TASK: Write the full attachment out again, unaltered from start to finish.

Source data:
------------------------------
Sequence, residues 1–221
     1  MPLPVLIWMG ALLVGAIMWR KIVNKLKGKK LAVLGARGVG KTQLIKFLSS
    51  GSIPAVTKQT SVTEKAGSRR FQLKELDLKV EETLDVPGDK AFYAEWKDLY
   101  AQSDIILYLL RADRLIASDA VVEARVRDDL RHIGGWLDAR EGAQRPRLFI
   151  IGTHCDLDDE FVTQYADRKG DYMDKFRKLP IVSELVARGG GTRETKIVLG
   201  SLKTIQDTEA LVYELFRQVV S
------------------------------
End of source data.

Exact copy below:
Sequence, residues 1–221
     1  MPLPVLIWMG ALLVGAIMWR KIVNKLKGKK LAVLGARGVG KTQLIKFLSS
    51  GSIPAVTKQT SVTEKAGSRR FQLKELDLKV EETLDVPGDK AFYAEWKDLY
   101  AQSDIILYLL RADRLIASDA VVEARVRDDL RHIGGWLDAR EGAQRPRLFI
   151  IGTHCDLDDE FVTQYADRKG DYMDKFRKLP IVSELVARGG GTRETKIVLG
   201  SLKTIQDTEA LVYELFRQVV S